Beating the Middle of the Novel Slog

Sometimes it takes the heavy horses to get moving again

I’d like to blame the heat for my malaise, but I know that’s not really it. After approaching the halfway mark, I stalled out. I hadn’t expected it since I have a pretty good idea where everything is going, but there it was. I was having a hard time pressing forward.

Some of it could be attributed to the first draft feel of the work ahead of me. It feels like taking a few steps backward even though this is the third go around. I’m sure it has something to do with the feeling that I’ve put in so much work and want to feel closer to being done.

  • First and foremost I tried not to beat myself up over the relative lack of production.
  • Second I kicked up my reading schedule some, reading The Scar by China Mieville (see side bar for link) and the occasional short story from any number of places (Just got my first issue of Realms of Fantasy and I have several short story anthologies). I even watched a movie (Hot Fuzz – watch it if you haven’t – great comedy).
  • Third, I took time away from writing and enjoyed the 4th of July weekend in the company of family. Good old fashioned physical fun (swimming, teaching our daughter to swim, jumping in the water, etc.) does wonders to clear the gunk from my mind.
  • Fourth, I did write regularly, but just not at my normal rate (1k-2k words daily), so that helped. I tinkered with some stuff I’d already written so I could get my head around where I was really going, the timeline of events, and so on. This was invaluable for getting my head back into the story deep enough where I could sustain longer periods of productive writing.

Now, with copious amounts of A/C and coffee, I’m moving forward again. I’m shooting to have some copies of my story to send to beta readers late this summer. That’s a big deal because it will mark the first time that anyone other than me or my wife have had a look at the story. I look forward to seeing what comes back (I think).

I’m sure there are other methods to get back on track, but these are the one that work for me. What do you do to get your writing back on track from the fits and starts into which we sometimes fall — an artistic defibrillation if you will.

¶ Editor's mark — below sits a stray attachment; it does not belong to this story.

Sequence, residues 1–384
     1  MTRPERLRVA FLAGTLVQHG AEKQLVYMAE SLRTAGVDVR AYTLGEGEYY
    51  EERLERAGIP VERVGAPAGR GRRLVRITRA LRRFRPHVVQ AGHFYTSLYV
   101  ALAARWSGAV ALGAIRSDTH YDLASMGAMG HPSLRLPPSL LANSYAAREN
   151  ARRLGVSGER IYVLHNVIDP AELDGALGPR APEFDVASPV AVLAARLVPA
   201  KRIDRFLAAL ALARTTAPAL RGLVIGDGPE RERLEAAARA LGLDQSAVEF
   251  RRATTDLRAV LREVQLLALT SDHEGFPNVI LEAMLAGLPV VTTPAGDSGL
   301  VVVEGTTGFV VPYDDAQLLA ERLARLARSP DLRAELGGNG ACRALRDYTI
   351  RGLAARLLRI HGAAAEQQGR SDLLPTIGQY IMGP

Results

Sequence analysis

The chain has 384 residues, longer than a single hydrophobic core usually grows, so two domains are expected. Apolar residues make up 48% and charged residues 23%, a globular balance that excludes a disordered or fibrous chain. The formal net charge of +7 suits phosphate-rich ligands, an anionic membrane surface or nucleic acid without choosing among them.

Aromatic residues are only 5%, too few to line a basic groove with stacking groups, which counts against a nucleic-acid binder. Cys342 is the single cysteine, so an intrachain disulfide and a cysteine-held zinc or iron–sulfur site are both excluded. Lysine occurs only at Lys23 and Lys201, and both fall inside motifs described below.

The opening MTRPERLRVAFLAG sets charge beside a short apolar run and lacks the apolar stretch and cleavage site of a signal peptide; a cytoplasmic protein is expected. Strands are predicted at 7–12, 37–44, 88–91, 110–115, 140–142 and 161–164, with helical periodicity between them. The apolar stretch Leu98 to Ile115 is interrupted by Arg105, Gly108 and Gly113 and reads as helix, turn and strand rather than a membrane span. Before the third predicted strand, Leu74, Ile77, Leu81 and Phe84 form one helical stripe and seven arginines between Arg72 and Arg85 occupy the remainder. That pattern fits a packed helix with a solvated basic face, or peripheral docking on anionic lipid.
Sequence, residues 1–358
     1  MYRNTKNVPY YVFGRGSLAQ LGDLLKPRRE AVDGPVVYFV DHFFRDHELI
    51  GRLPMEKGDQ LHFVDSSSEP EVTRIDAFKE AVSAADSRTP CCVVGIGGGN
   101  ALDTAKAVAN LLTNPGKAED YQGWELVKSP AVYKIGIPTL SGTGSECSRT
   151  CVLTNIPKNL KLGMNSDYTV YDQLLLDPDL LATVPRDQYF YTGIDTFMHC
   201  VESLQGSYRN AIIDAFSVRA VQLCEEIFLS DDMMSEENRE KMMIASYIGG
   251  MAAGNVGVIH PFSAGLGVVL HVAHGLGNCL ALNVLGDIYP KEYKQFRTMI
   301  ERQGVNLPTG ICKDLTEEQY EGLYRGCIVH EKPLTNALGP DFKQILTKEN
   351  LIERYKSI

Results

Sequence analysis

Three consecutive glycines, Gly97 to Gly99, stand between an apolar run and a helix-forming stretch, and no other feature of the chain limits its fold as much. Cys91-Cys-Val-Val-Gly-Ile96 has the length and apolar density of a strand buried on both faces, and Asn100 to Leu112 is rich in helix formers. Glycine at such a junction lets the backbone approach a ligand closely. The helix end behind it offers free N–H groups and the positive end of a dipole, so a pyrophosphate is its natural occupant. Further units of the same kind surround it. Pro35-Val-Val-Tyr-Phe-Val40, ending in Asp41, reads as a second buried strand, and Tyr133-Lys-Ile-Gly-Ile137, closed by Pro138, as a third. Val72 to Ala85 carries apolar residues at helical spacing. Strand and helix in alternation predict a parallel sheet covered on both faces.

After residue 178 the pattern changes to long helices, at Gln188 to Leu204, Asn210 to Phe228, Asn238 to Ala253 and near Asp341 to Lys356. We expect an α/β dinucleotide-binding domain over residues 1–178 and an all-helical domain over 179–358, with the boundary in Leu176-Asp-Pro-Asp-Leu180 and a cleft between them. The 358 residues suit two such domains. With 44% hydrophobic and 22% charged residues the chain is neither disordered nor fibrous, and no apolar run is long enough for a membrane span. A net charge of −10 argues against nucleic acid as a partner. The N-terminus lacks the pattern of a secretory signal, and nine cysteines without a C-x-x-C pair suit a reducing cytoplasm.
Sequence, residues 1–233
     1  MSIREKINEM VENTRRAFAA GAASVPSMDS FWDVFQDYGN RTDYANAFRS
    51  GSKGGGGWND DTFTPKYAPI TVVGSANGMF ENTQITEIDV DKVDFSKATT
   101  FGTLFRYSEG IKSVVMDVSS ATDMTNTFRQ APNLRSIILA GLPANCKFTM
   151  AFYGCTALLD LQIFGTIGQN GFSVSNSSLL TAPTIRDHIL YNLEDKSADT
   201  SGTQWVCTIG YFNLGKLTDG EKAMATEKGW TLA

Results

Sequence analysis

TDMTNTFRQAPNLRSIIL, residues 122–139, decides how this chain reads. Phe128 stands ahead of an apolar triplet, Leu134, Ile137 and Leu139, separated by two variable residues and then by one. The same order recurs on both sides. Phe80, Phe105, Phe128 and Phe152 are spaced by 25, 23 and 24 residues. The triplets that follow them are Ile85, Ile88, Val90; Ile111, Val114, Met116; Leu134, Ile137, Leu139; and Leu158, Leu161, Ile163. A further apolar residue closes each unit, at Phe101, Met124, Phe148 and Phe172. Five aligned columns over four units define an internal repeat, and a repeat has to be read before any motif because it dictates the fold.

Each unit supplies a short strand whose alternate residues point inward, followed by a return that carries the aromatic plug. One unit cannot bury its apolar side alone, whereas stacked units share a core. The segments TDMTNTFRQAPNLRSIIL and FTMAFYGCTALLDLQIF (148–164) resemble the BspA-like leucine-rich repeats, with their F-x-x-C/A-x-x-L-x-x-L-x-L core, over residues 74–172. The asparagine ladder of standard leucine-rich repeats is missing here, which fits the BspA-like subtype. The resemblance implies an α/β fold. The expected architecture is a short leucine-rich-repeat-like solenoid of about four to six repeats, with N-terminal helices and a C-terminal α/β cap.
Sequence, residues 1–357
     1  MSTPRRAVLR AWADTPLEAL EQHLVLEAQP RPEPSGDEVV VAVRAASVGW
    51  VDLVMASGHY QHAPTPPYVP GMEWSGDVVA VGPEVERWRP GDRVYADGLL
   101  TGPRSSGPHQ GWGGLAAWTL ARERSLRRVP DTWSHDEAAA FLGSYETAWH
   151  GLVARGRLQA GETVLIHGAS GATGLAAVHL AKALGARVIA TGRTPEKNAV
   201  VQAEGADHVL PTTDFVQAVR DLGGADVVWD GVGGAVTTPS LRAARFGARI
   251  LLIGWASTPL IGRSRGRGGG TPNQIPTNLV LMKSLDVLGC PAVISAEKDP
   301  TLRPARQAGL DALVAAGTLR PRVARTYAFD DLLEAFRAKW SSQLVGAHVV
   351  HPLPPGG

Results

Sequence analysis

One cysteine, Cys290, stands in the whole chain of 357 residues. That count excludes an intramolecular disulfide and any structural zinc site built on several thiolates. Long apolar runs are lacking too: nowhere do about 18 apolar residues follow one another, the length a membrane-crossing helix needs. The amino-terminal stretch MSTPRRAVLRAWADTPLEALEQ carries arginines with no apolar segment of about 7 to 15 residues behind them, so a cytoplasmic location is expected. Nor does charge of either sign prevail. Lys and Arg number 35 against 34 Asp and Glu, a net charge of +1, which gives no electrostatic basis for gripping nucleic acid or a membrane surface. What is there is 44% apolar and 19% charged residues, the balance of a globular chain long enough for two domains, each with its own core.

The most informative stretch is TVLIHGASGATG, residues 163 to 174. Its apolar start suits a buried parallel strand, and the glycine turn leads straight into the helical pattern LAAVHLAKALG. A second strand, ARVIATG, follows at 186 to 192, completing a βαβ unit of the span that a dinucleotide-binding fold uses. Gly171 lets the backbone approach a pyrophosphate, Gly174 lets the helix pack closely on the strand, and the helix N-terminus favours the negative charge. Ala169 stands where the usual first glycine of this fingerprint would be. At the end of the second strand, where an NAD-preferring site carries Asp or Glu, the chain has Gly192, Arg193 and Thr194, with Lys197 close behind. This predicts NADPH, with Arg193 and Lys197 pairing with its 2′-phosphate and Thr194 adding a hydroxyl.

7 thoughts on “Beating the Middle of the Novel Slog”

  1. I take my laptop somewhere with no internet and nothing else to do. That usually forces me to get started, which is the hardest part for me. After I get the ball rolling, I can usually break out of the slump and write for hours.

    1. I’m with you on the start up. Some days it feels like I’m just getting started at the end of my writing time. I wrote today’s blog post as a way to warm up to the main event and here I am answering comments instead. Getting rid of the distractions goes a long a way. Once I’m down the rabbit hole, everything usually moves, it’s just getting there that can be the struggle.

  2. I like to pretend the middle doesn’t exist, and get on to the scenes and parts that I do know. This begets new ideas and I go back to write in those new parts. Somehow that middle gets filled in. This may be a bit of a strange technique especially if you like to write linearly, but it works for me 😀 Maybe I’m just odd.

    1. Anything we can do to keep the writing fun is always a good plan. I like to think I write linearly, but I find as I get deeper into this that I am jumping around a bit more. It’s fun when the inspiration hits for a part of the novel you’re not currently working on. That’s when the note taking begins!

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  4. Matt Coultress

    As mentioned above, try to get rid of distractions. I think of it as “pulling in”: no music; nothing to drink; no internet; unplug the telephone, etc. (I try to get into what psychologists call “flow.” Just me and the story: the characters will eventually “tell” me where they want to go.) It often works for me.
    Another technique that often works is to invent another back story for the middle (or for any part of the story). It doesn’t have to fit; doesn’t have to make sense, in the current story line; and you most likely won’t use it. I think it’s simply about getting the creative juices flowing again.
    A friend did this (with success): He printed out the last portion he’d written for the middle (making sure it’s at least 5- to 10 pages long). Then, he re-typed it, as fast as he could, not worrying about typos. This got his head into what he needed to do, and he was able to continue… fresh stuff. (I’ve tried it; but, so far, with no success.)
    Or, just write some dialogue: any dialogue, for any character you’ve already created. (“Talk” to yourself, in a way.)
    Finally, ask your wife for an idea or two. We need our ladies in more ways then we sometimes realize… yes?
    Writer’s (or “writers”) Block. Hate it. Can’t avoid it.
    Just remember: We are all, as the song says, “Stuck in the Middle With You.”

    1. Great ideas, all. I wound up jumping to some other story arcs and working on them as well as working on a little backstory to firm up some things in my mind. That has released the floodgates and I’ve managed to do some quality writing over the last several days. Thanks for the suggestions! I’ll keep them in my hip sack for the next time around.

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